notebooks and desktop PCs are all getting thinner -- thin enough that Kate Moss
in her heroin-chic heyday could have sported something like the 13-inch MacBook
Air down the runway and it wouldn't have overwhelmed her almost nonexistent
surprise. We've been seeing computers slim down ever since those giant
room-sized computers that spawned the digital age, and the introduction of the
first PCs in the decades that followed.
But for a
while, we were continually adding features such as hard drive space, optical
drives, SD card slots to our notebooks and PCs.
storage migrates toward online servers, and media is more likely to be streamed
rather than viewed from a DVD or Blu-ray disc, many of those onboard features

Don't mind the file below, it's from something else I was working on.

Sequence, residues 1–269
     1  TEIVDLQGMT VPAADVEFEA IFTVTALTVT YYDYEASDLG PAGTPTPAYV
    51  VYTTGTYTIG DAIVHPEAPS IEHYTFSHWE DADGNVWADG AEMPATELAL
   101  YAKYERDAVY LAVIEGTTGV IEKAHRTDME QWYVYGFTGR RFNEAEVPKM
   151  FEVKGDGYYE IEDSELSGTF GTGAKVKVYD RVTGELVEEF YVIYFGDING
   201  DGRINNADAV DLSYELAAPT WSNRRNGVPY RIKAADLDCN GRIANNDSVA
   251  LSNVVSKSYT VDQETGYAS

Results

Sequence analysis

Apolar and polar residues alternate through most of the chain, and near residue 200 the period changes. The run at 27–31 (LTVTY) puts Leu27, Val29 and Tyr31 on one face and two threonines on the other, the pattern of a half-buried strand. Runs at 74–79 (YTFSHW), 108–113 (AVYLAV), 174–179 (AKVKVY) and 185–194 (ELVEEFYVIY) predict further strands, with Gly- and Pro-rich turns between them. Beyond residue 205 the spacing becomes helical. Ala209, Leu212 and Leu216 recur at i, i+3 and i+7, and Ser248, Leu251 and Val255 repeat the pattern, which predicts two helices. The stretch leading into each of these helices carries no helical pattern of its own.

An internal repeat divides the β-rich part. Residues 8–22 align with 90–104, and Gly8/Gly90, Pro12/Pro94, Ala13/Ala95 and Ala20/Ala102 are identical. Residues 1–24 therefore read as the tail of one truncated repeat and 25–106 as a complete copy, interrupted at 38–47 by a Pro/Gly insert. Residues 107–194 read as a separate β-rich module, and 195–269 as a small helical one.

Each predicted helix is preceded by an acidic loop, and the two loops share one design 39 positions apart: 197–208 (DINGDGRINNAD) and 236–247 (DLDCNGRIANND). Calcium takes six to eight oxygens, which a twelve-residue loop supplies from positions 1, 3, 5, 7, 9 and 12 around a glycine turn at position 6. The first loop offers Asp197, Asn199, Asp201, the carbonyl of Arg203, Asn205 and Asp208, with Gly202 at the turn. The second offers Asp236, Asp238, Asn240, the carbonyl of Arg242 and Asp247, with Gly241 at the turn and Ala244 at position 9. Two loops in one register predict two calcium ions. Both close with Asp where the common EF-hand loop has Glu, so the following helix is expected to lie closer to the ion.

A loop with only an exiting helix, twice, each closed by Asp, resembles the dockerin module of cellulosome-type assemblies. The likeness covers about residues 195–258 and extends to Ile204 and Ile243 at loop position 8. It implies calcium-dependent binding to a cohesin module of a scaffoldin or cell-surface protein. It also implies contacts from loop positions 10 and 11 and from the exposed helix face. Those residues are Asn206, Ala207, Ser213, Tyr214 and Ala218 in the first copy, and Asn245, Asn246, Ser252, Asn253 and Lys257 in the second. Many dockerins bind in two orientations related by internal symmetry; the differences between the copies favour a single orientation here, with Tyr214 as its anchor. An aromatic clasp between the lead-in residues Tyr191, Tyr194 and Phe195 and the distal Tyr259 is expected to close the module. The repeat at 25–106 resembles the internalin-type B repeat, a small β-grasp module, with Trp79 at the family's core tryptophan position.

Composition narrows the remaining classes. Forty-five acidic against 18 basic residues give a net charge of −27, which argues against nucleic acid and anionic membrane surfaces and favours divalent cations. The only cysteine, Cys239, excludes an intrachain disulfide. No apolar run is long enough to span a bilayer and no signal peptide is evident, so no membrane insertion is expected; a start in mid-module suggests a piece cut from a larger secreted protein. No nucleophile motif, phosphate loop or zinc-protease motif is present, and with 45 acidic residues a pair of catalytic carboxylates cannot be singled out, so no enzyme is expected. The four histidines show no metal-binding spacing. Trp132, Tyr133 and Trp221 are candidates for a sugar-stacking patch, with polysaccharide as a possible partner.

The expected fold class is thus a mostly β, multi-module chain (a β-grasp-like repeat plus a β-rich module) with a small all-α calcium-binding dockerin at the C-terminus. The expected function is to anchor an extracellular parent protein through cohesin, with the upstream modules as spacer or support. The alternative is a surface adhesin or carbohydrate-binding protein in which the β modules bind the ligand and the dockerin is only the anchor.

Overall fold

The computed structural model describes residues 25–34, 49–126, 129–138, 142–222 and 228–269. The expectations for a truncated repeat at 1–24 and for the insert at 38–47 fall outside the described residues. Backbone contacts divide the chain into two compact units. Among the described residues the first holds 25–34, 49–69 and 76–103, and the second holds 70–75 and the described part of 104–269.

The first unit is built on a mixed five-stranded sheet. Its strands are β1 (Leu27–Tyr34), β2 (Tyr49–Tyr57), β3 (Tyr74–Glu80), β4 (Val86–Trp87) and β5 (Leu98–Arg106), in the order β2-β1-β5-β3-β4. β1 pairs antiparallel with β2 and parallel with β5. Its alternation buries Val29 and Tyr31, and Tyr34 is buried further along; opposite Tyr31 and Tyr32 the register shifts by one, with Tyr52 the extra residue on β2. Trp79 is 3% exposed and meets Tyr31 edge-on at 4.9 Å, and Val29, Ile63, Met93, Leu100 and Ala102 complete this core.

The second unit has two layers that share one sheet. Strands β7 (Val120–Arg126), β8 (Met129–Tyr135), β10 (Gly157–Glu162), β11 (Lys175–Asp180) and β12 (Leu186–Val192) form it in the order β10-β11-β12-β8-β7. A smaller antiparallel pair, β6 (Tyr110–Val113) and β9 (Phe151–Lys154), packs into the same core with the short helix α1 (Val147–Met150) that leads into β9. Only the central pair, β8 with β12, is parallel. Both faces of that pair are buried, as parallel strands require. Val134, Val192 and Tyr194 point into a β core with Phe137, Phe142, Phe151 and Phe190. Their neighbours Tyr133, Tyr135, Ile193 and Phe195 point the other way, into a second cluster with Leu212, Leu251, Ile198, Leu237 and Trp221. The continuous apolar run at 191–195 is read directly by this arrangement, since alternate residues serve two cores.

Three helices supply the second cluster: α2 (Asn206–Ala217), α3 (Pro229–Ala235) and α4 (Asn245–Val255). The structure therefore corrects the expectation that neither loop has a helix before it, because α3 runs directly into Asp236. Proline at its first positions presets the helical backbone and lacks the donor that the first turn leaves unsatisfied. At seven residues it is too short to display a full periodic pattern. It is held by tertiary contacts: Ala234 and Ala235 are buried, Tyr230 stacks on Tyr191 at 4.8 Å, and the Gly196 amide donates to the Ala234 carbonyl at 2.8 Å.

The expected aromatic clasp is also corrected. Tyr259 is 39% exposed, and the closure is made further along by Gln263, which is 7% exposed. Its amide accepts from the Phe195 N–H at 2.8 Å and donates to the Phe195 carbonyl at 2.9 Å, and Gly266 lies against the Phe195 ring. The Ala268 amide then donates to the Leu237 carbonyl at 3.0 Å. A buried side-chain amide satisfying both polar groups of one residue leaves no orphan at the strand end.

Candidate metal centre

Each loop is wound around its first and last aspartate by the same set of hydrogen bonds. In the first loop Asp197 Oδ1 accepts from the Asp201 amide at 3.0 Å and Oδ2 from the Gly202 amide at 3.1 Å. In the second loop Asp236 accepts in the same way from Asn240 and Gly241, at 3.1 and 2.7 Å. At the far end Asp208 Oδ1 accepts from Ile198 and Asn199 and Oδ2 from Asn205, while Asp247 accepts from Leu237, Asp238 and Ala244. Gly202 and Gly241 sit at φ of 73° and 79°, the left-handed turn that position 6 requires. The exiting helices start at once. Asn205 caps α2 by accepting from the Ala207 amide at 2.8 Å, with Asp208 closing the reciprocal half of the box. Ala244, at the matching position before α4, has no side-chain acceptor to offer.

are shrinking down, or getting nixed altogether.
are favoring size and portability over a heftier 'do-it-all' type machine.
"Size will most certainly be an important driver when consumers look for
their next PC or notebook," especially with tablets at the forefront of
consumers' minds today’s, says Desiree Davis, Senior Manager with Resolve
seeing PCs begin to favor flash storage, typically in the form of SSDs that
incorporate NAND-based flash memory, rather than thicker, weightier HDDs.
are simply fewer devices on the market that consumers want to carry that have
room for hard disk drives. Their value to the on-the-go consumer is simply
nonexistent," says Davis.
SSDs are currently more expensive than comparable capacity HDDs, they offer
more benefits than just their smaller form factor: they are quieter, less
vulnerable to physical shock, have less latency, and quicker access time. We're
probably going to see them become more and more prevalent in notebooks and PCs.
materials used to create modern computers and laptops also lend itself towards
thinner design, especially in Apple's case.